The brake on the unicycle is used differently from how it is used on the bicycle

The main purpose of the bicycle brake is to reduce the speed of the bicycle or to prevent it from moving.

On the unicycle, the brake is used to regulate speed and to remain in complete control when riding downhill even at high speed.

It is therefore easy to get used to "keep on pulling the brake lever" even just with light pressure, on long downhills. This light and prolonged use of the brake is a mistake that can cost you.

The disc brake consists of two main parts: the caliper that acts on the disc, and the lever that is operated with the fingers. These two parts are joined together by a rigid tube containing a special oil.

When braking even softly the pads rub on the disc and heat up a lot (they can reach 260 degrees and above).

The caliper is designed to withstand these temperatures. The lever, on the other hand, is far from the caliper and doesn't have this characteristic. Here the right braking technique comes into play and helps us to prevent problems.

On bikes, even on long descents, the brake is sometimes released or we ride at very low speed. In this way we give the system time to cool off and it’s very difficult for brake fluid contained in the tube to reach a temperature so high as to transfer the heat even inside the brake lever (where there is a small pump).

On the unicycle, however, this may occur. Once it happens the parts of the pump deform, the fluid loses its compression ability and the brake can even become unusable.

If the tube is shortened, this phenomenon will be more frequent and serious.

Unfortunately, bicycle brake manufacturers do not design brakes for use on the unicycle. Our way to use them is considered anomalous and they do not guarantee its durability. So it is also very important to learn how to let the brake cool down simply by being careful to fully release the lever at regular intervals so that the system can cool down naturally. Again, if the oil tube is short, your attention must be greater.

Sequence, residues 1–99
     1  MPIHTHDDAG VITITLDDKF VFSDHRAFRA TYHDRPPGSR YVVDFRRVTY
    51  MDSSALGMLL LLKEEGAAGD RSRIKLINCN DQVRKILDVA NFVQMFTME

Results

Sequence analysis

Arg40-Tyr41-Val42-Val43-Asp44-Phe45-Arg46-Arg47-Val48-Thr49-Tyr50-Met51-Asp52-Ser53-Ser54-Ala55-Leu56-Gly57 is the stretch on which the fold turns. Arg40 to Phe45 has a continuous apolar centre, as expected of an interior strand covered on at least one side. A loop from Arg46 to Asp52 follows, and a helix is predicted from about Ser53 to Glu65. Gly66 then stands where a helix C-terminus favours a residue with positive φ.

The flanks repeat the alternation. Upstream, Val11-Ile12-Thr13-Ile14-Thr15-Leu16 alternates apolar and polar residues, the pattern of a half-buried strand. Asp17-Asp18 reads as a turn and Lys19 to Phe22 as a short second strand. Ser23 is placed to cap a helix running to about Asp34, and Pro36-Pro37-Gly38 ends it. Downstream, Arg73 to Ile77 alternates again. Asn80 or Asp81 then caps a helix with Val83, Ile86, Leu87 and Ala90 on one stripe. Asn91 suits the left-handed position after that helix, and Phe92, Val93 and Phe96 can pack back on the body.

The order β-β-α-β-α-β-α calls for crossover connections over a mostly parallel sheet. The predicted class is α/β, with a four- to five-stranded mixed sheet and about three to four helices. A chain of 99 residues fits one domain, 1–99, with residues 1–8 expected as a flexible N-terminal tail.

We have asked Florian Rabensteiner and Ben Soja for their personal advice on the use of the brake. Here is what they've said.


"... In my opinion it 's very important to use the brake in the most technical points, and in the less technical ones to use it as little as possible; use your legs more, to ensure that the brake will work at 100% when needed.

It is also very important to carry out periodic maintenance by checking and replacing if necessary, oil, pads and disc."


"... As soon as you have learned to rely on the brake, entirely new possibilities open up for you.

To master steeper and more difficult sections, to come down the mountain faster with short cranks, and to ride freewheel unicycles the handle like the Handle Saddle helps a lot. It makes it easier to brake when you feel it’s needed, while pulling hard on the handle at the same time.

I feel like it has been better with high end brakes like Saint or XTR 9120 and larger rotors such as the 203 mm.

The 4 piston brake has better modulation, is much more powerful and sheds heat much better than the 2 piston brake.

My only tip from riding perspective is to let go of the brake occasionally, but that is not always possible."